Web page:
In praise of parish churches

PUBLISHED: 11:54 01 September 2015 | UPDATED: 11:54 01 September 2015

You don’t have to be religious to appreciate the beauty and historic significance of Suffolk’s many churches, says Tony Redman

East Anglia is blessed by the greatest concentration of buildings of heritage significance in Europe, and probably the world, and most of these are parish churches.

Out of the 478 parish churches in Suffolk 95% of them are listed as being of national heritage significance and 20% of these are listed grade 1, which means they are in the top 12% of the nation’s historic buildings.

Every September, the Suffolk Historic Churches Trust encourages us to get on our bikes and raise funds for their upkeep. In our village, a spritely 70-year-old used to knock on my door sometime in August, and ask me to sponsor him. He would tell me about his gammy knee and his asthma, which would severely curtail his ability to cycle round the countryside, and this encouraged me to sponsor him well, per church, in the anticipation that he might do 10 or so before his condition got the better of him.

After the bike ride he would knock on my door again, this time looking considerably spritelier, and announce that he had done 50 this year. Call me a mug, but he did this every year, spinning a tale of increasing decrepitude, until last year, well into his late eighties, he announced that he was giving up his bike, because his wife had told him that he wasn’t safe on it anymore.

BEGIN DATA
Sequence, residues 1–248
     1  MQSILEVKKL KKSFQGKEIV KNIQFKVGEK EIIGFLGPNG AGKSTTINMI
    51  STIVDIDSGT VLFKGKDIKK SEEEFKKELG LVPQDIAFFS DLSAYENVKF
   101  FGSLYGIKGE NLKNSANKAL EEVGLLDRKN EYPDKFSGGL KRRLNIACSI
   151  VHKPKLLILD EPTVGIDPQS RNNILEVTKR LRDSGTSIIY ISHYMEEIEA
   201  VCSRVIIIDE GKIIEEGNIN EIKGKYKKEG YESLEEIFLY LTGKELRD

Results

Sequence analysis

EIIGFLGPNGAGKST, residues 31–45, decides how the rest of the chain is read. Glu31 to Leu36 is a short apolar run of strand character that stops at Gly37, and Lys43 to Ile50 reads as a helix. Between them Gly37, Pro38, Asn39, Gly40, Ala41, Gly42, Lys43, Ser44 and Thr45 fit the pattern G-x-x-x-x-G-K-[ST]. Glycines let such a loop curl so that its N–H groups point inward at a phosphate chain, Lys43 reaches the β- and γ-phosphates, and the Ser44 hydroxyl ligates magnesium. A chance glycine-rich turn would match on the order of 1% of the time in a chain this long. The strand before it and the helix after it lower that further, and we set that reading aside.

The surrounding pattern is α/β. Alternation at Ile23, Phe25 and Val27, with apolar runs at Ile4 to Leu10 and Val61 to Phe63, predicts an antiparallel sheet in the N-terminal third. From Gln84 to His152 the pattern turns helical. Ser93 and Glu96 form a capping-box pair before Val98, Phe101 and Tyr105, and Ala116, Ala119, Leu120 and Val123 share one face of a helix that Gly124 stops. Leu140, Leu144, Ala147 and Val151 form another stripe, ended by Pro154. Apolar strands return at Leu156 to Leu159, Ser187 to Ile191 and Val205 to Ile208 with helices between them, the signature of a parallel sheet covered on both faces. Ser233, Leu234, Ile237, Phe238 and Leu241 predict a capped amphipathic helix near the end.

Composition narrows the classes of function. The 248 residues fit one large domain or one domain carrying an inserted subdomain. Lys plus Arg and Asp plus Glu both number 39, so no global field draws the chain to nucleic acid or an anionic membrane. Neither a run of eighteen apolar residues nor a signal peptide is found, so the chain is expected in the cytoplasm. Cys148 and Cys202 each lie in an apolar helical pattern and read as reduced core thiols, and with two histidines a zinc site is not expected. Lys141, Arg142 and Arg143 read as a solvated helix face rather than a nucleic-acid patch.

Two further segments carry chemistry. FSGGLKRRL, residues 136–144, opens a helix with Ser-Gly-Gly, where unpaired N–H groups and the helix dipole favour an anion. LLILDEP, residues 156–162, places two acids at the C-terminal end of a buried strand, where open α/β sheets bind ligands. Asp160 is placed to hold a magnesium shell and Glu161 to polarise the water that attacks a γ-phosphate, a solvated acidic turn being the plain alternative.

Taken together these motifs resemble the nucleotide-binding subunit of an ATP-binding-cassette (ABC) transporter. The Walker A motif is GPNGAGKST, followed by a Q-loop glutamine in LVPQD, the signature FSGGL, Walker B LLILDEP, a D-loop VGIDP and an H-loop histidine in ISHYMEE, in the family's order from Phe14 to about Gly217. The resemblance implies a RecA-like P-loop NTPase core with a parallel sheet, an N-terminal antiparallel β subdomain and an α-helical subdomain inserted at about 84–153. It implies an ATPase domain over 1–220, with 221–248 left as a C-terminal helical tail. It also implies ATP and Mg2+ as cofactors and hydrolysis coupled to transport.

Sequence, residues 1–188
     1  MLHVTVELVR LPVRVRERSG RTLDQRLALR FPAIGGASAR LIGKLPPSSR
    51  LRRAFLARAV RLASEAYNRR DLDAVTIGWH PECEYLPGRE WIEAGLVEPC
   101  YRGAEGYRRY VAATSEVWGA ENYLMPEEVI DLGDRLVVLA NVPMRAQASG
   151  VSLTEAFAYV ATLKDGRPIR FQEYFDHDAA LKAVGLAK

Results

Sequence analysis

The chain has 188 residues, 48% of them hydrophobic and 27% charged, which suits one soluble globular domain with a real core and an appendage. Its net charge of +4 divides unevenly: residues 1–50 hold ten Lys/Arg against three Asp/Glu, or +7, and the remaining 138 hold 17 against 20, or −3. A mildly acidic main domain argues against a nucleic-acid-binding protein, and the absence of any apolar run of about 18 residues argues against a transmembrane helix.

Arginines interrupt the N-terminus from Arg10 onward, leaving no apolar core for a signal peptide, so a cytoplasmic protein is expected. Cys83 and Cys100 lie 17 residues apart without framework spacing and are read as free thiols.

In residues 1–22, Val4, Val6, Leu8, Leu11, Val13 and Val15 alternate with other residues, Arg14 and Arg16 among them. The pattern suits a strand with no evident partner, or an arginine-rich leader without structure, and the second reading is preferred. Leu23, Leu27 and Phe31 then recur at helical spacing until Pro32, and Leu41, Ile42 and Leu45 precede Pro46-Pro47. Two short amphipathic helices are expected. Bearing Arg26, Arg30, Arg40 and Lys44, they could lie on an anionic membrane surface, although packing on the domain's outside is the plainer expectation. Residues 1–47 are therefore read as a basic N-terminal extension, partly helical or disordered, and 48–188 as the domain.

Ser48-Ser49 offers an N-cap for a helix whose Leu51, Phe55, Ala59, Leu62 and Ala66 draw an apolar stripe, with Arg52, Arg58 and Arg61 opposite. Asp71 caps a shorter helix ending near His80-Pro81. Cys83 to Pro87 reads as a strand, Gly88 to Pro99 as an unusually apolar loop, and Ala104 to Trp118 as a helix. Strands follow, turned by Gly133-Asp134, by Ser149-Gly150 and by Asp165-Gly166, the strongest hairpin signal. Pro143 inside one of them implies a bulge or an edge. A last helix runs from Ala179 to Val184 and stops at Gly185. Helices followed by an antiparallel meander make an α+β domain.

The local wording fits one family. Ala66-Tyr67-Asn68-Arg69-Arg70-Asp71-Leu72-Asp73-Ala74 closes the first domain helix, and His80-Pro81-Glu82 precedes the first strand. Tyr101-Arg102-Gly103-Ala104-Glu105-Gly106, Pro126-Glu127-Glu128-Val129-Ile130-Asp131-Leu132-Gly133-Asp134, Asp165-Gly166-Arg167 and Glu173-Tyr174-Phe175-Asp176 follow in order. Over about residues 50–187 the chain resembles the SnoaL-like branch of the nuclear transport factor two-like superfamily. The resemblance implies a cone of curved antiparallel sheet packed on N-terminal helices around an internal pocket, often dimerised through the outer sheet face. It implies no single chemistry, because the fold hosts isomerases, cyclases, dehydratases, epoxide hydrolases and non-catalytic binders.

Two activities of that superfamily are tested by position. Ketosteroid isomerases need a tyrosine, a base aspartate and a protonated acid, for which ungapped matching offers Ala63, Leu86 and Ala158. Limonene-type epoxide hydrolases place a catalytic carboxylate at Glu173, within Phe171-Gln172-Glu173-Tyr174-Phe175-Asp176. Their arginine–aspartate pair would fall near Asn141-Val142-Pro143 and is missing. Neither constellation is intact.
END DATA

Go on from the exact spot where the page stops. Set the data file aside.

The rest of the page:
The Suffolk Historic Churches Trust, one of the most successful in the country, was associated with the Rev Canon John Fitch, vicar of Brandon, who died earlier this year. He was horrified by the state of Suffolk churches and sought to work out which ones were worth supporting.

As a result of his research he encouraged the formation of the trust in 1973, and 10 years later, the indomitable Frances Parkinson started the bike ride as a way of raising money for their upkeep. It’s become a national event. Half of what you raise goes to the church of your choice, and the rest goes to the trust to make grants to other churches in need.

The wonderful collection of Methodist and Roman Catholic churches, village chapels and meeting rooms are all eligible for trust funds and many will be open on September 12 just for the bike ride.

But churches are not just for bike ride day. Many of them are open throughout the year and you don’t have to be religious to appreciate them. Most are the oldest buildings within their communities, and before the Reformation were used more as community halls, with markets, local law courts, and village breweries.

If you look closely you can still see evidence of village life in many of them. Your imagination can run riot at what has caused the lumps and bumps on the walls, or the change in finish in the floors. The grandest were funded on the sheep’s back.

The biggest of them, like Long Melford and Lavenham, Woolpit and Mildenhall show the wealth and piety of local entrepreneurs. But it is the more humble ones which often surprise you the most. My favourites include Ampton with its tales of wealthy patrons, outlaws and pilgrim fathers, Great Saxham with its memorial to the man who introduced nutmeg, Charsfield chapel with its 19th century coat hooks and fish shaped font, Walpole chapel and Lawshall Catholic churches disguised as cottages, and St Helens in Ipswich with its tubular bells. The inspiration to Mike Oldfield, maybe?

Tony Redman is a conservation accredited chartered building surveyor and Anglican priest.

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